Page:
by Patricia Grotenhuis, Lifelong farmer and agricultural advocate
Growing up, I always heard about the family vacations my friends were going on. Trips to Florida to escape the snow, flights to other parts of Canada or the world for a relaxing escape, and weekend getaways were talked about on a regular basis, but the conversations were always hard for me to join.
Don’t get me wrong…my parents did take us on the occasional vacation. It was just very different for us than for my friends. If we wanted to go away, it took a lot of planning. Someone had to be hired to take care of the farm. That person had to be trained so they knew how to do the chores, and even if we did get away, there were calls at least twice per day between my dad and whoever was in charge at the farm to make sure everything was going well. If things started going wrong, our trips were sometimes cut short to get back home and solve the problem.
We were fortunate when it came to finding help. Until I was in high school, my grandmother was still out working on the farm, so she knew how to do most of the chores. She had a younger brother who would come out to help her, and he normally brought his sons too. By high school, Grandma and her brother were cutting back and the farm was growing, so some of our family would stay behind to take care of chores.
Growing up, trips that involved flights were out of the question. It is much easier to pack a car up and head home than it is to change a flight. Most of our family vacations were spent in Quebec, visiting my great grandma and other family members. If we had time, we would sometimes go camping for a few nights on our way there or back. Nothing was ever planned in advance, though. It saved us from disappointment if suddenly we could not get away.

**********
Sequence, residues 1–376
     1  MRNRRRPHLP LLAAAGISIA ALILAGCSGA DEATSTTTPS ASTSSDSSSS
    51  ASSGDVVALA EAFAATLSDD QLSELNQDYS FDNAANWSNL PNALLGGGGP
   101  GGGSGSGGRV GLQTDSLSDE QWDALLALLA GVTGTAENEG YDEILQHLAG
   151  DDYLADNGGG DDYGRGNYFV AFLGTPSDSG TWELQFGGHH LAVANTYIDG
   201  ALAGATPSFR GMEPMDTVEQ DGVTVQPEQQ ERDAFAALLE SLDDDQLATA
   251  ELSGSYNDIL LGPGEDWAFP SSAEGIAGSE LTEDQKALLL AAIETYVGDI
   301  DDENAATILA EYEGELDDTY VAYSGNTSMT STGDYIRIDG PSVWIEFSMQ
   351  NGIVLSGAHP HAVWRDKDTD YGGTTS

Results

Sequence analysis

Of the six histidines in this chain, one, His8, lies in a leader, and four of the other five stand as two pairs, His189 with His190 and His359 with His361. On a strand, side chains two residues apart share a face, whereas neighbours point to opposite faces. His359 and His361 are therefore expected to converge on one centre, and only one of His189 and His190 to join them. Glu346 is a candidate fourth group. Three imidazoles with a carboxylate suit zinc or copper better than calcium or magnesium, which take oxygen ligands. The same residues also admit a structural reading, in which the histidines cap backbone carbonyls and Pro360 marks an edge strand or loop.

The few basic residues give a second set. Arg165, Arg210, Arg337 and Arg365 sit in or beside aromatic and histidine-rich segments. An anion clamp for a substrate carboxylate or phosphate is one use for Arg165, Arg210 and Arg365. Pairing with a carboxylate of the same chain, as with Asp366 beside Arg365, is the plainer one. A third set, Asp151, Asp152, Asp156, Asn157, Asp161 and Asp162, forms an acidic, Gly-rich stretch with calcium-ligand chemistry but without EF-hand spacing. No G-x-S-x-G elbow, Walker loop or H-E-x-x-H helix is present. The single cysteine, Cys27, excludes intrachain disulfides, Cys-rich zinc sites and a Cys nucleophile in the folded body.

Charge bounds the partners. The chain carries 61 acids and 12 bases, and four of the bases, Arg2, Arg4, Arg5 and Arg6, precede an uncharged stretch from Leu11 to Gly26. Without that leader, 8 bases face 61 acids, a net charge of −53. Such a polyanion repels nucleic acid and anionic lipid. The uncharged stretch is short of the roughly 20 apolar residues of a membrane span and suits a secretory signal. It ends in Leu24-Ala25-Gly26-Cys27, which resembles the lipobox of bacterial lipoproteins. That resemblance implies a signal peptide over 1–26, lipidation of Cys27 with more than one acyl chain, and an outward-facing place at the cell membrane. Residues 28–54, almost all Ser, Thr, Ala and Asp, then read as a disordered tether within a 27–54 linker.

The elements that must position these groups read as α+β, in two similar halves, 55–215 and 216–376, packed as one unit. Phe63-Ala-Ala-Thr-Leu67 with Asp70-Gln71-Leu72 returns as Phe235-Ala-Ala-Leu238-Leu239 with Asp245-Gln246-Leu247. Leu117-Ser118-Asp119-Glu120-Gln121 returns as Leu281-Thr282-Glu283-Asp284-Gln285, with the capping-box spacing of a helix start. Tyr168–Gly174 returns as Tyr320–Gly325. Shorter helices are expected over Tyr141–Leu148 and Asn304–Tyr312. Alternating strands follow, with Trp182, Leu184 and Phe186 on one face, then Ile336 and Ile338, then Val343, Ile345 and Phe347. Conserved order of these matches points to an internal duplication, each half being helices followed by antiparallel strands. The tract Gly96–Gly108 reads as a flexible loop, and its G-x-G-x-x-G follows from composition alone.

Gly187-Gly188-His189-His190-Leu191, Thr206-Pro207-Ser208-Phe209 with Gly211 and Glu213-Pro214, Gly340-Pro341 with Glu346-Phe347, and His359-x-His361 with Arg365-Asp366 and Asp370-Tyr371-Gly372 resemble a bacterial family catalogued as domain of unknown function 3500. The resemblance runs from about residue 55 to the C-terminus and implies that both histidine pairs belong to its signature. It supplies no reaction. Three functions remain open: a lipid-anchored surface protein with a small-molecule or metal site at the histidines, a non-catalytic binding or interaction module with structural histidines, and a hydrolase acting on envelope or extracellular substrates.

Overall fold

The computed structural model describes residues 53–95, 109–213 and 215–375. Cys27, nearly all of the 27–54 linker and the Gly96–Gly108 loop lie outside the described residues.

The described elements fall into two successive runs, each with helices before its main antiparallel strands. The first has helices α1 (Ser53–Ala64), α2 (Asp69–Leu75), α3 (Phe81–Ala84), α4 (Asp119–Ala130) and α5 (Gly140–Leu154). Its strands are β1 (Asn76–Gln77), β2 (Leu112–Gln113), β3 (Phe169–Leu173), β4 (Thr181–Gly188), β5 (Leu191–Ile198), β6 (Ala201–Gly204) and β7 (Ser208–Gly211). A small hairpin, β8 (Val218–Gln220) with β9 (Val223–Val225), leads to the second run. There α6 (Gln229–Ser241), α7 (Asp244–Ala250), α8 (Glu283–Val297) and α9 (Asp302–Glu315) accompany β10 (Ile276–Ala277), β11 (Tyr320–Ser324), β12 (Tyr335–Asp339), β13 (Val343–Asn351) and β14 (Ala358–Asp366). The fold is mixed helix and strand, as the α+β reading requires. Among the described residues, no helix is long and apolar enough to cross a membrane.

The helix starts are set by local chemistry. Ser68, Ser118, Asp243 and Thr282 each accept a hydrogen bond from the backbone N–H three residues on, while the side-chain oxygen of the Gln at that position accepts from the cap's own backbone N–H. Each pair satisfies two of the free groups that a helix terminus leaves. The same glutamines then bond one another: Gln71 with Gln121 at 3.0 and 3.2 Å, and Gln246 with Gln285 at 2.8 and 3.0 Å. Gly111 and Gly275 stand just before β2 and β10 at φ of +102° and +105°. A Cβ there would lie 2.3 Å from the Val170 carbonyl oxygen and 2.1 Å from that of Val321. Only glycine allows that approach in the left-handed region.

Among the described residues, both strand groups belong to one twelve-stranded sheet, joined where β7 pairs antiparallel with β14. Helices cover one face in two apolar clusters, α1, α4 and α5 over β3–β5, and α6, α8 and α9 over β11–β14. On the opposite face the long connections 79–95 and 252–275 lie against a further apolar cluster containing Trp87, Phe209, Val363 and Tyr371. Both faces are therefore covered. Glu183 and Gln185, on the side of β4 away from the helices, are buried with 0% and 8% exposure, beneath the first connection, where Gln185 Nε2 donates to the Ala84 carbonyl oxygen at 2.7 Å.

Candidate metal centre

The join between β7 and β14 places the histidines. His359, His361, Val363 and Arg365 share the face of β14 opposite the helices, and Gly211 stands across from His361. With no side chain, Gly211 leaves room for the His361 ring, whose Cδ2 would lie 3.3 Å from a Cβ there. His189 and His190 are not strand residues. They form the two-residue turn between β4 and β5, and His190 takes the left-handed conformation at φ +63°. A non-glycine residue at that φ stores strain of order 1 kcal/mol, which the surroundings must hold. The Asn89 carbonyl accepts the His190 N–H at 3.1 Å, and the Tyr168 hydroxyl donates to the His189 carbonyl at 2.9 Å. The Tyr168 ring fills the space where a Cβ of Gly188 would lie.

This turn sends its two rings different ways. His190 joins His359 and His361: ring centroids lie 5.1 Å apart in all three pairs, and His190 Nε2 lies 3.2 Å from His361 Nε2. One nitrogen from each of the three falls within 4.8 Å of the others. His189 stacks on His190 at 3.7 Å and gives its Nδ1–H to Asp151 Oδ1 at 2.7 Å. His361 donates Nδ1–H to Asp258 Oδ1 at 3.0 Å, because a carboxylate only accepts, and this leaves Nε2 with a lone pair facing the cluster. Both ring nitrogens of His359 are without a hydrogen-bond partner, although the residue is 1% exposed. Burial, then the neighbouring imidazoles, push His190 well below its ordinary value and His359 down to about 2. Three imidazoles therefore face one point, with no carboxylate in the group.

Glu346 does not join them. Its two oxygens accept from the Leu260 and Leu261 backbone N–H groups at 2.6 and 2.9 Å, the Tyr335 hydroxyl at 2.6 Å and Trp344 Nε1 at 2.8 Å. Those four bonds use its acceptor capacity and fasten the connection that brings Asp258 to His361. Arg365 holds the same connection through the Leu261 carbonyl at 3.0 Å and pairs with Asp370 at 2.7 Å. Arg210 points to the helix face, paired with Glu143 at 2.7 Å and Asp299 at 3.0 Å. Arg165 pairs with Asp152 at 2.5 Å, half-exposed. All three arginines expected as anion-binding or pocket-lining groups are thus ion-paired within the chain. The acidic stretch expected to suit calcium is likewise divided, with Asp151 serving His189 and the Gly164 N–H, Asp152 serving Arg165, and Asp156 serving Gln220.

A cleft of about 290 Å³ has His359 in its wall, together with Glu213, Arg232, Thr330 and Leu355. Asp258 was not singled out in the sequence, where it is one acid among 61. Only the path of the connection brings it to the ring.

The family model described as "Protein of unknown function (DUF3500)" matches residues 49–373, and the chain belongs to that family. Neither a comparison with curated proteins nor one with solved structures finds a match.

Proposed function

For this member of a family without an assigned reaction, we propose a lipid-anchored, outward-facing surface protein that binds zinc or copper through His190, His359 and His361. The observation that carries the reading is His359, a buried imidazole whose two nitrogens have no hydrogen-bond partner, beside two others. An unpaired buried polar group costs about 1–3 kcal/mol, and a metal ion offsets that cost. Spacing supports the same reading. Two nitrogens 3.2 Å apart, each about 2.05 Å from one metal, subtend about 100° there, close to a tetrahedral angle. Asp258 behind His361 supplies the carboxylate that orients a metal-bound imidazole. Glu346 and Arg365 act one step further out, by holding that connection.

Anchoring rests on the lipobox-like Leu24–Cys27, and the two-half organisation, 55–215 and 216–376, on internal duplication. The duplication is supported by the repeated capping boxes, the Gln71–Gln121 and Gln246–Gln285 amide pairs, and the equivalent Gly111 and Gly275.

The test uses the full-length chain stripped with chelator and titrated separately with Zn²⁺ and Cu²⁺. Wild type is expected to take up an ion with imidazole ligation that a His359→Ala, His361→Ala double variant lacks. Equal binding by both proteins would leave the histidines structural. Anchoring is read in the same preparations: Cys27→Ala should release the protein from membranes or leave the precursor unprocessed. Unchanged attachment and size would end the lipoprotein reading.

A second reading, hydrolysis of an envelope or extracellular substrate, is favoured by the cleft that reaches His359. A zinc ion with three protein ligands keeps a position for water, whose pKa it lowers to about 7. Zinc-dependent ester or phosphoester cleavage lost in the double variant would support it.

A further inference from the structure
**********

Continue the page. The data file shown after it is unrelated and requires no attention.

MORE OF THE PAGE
When I was six, we went to the Maritimes on our biggest family trip. Many farm families are not as lucky as we were, and find it hard to get away at all.
I know we will have trouble taking family vacations now, too. My husband barely ever misses chores, so all of our events are planned between chores during the day, or after night chores. Is it worth it? Yes! We would not trade our farm life for being able to take vacations and see new places. I do hope we will be able to take the boys on small trips, whether they are during the day or overnight. I know, though, that a family can spend quality time together at home on the farm or camping only a few hours away from home just as easily as they can on a big trip far away from home. That is a gift my parents gave me which I would like to share with my children.
The travel bug does bite sometimes. I think back to the study tours I did in high school and university when we went to places like Spain, Morocco, Costa Rica and Belize, and how great it was to see another culture. I hope one day to be able to let my family experience another culture too. However, only time will tell if that will happen for us as a family, or if our children will eventually go on their own.
Posted by FFC on May 31st, 2011 :: Filed under Animal health,Family vs factory farming,Farm life
Tags :: agriculture, animal care, animal welfare, animals, Canada, farm, Farmers
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